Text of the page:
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Just remember, the little red caboose always comes last. :)
Caboose? What's a caboose?

JackM
 

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I think I'm at that awkward age (for a G scale train fan) where I have things I remember from childhood that some of you are too old--and others too young--to remember.

There's a Little Golden Book called The Little Red Caboose that I loved when I was a kid. Basically, the little red caboose is at the end of the train and no one waves at him. One day the train can't quite make it up a mountain and the little red caboose's brakes save the day until additional engines arrive to push the train up. From then on, everyone waves at the little red caboose.

 

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Try flexibility... Move your time era back an forth across the "Caboose Date Line",... Some days employing those neat ETD...at times running little Red booses on the rear... Double your pleasure! Double your Fun!!

SD
 

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And always remember, rule number 1 (or number 8 if your on the other side of the pond) applies....its your railroad. I normaly run a caboose that either has marker lanterns or a flashing light on the rear. And my passenger train has marker lantern(s) on the rear as well. In the rule book I have from my days on the NS, a train isnt considered a train unless there is a marker on the rear. This can be an EOT, a red flag or a caboose. Of coarse cabooses and the tail car of passenger trains carried the "Markers". Kerosene lanterns in older days, electrified lights in newer days. European trains normaly carried a market that was turned to a "target" side by day, then turned and lighted at night and were Kerosene lanterns well into the 1970's if not even later. Many sources for EOT's and lanterns in G scale if you need to get some. Cheers Mike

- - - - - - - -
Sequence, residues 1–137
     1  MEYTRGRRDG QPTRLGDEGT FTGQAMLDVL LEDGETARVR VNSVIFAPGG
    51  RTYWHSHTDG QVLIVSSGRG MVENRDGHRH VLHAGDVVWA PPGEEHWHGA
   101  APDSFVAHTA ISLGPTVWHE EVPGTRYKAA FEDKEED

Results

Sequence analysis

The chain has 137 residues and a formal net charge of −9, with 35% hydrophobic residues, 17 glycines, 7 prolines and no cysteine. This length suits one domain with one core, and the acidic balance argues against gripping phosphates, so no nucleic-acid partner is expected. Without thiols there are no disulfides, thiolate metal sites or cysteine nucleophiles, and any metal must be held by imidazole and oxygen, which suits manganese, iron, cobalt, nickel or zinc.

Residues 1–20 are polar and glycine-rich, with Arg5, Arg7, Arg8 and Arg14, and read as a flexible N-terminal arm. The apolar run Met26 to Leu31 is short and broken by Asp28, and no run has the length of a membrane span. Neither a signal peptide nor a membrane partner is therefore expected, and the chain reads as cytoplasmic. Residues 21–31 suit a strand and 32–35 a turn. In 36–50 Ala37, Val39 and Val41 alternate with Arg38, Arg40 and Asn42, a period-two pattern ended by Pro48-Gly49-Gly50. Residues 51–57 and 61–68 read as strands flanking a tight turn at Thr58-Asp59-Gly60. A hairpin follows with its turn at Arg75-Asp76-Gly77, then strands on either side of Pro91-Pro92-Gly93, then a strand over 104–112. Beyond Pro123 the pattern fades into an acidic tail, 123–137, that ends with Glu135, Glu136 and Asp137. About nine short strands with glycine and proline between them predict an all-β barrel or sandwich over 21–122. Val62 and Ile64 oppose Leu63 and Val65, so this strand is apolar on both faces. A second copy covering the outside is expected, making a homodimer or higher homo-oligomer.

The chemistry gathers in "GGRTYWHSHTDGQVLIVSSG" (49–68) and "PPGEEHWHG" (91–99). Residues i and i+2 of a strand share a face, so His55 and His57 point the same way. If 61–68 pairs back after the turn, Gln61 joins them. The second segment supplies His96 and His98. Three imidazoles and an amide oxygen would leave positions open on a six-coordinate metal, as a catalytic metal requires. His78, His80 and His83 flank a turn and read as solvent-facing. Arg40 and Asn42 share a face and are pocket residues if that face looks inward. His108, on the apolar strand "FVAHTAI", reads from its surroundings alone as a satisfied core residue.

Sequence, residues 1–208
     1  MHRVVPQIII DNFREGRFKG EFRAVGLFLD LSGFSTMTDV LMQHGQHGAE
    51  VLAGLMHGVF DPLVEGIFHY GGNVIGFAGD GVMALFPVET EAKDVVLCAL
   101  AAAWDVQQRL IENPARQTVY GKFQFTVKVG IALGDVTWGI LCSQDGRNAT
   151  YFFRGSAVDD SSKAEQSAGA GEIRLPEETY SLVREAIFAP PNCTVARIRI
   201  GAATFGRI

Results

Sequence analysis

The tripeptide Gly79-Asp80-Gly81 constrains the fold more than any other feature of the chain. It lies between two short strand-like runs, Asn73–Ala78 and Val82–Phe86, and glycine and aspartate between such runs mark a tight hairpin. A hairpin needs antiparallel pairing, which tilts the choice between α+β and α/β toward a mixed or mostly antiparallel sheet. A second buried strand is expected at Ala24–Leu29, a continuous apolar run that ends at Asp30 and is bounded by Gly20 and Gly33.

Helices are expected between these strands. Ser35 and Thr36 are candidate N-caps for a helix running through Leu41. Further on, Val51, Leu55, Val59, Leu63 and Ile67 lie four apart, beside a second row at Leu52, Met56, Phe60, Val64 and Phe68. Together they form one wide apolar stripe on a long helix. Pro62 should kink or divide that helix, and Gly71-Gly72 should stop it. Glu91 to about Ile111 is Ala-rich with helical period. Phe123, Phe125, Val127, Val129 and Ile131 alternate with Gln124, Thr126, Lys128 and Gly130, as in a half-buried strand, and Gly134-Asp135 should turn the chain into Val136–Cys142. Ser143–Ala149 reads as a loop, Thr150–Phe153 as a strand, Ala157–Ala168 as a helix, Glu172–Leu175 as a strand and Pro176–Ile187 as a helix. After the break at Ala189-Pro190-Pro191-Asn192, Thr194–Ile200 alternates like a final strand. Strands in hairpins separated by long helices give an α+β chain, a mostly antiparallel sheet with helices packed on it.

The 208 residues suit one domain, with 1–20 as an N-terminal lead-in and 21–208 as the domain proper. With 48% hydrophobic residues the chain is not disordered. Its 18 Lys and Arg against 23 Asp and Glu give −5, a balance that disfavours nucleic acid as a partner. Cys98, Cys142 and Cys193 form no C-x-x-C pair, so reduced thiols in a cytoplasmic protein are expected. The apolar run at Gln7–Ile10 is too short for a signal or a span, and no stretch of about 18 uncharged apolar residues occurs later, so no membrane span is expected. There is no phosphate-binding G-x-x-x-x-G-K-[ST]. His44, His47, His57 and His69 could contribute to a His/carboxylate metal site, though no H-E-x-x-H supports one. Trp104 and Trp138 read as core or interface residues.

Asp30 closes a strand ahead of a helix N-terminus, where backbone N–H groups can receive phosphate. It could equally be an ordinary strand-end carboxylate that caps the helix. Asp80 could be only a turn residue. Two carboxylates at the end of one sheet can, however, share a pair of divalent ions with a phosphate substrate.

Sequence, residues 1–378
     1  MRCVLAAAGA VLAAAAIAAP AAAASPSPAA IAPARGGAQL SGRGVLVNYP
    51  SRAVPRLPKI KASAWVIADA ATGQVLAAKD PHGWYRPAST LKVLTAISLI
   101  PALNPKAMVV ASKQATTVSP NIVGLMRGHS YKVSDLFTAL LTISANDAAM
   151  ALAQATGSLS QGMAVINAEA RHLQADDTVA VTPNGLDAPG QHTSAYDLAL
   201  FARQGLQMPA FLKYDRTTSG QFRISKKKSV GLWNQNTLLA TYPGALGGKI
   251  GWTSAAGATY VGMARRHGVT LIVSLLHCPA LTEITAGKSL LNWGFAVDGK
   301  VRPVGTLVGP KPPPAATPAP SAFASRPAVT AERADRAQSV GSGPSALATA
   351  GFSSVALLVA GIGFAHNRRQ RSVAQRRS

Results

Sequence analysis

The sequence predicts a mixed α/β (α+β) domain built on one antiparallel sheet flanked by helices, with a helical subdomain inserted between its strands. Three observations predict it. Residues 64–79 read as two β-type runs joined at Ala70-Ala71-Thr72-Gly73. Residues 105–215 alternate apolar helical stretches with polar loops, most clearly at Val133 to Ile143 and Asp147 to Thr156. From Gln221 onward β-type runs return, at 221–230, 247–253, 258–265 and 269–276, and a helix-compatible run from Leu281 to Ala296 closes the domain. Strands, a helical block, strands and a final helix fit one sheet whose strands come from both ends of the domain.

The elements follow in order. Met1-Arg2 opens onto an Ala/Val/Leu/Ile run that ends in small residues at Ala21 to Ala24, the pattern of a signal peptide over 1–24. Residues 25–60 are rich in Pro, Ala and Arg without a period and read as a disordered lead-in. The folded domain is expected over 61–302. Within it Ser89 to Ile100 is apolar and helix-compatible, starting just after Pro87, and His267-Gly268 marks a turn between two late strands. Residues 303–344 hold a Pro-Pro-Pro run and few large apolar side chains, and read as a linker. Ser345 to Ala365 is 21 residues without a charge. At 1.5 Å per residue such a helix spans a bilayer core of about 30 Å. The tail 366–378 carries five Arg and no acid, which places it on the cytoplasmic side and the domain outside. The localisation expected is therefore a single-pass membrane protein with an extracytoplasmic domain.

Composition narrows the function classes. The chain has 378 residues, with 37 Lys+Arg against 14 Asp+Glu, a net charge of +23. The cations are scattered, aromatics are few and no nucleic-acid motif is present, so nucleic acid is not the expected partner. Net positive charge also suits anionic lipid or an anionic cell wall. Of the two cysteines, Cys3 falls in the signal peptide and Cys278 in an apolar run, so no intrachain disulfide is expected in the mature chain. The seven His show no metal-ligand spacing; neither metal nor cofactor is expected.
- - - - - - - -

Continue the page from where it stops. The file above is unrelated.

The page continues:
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One thing not yet mentioned is loads and empties. Some of the tank cars originally mentioned may be loaded with whatever kind of fluids and headed to a receiving industries. Others may be empties which have already been to the receiving industry, drained, and are now empty and headed back to the yard to be rerouted to a new and different receiver. I believe the loaded cars are generally towards the front of the train and the empties are tacked onto the rear as they are picked up.
 

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Another is if the tank cars contained hazmat. In that case, some of the oother cars may have been used as buffers.
 

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The thing to remember with tank cars is that regardless of the fact that they all look alike, they can contain a myriad of different products, from orange juice, shampoo or corn syrup to crude oil or molten Sulphur or dangerous chemicals. Same with boxcars. Anything from appliances to cat litter.

Some cars have special restrictions, such as empty flat cars being in the back of the train, to keeping certain types of hazmat away from other types of hazmat or even food products.

Also, many commodities, grain, coal, oil, run only in bulk trains, with the train either 100% loaded or 100% empty.

Robert
 

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Discussion Starter #16
Wonderful stuff all. Thank you for enlightening me. Clearly it's not as random as it might appear.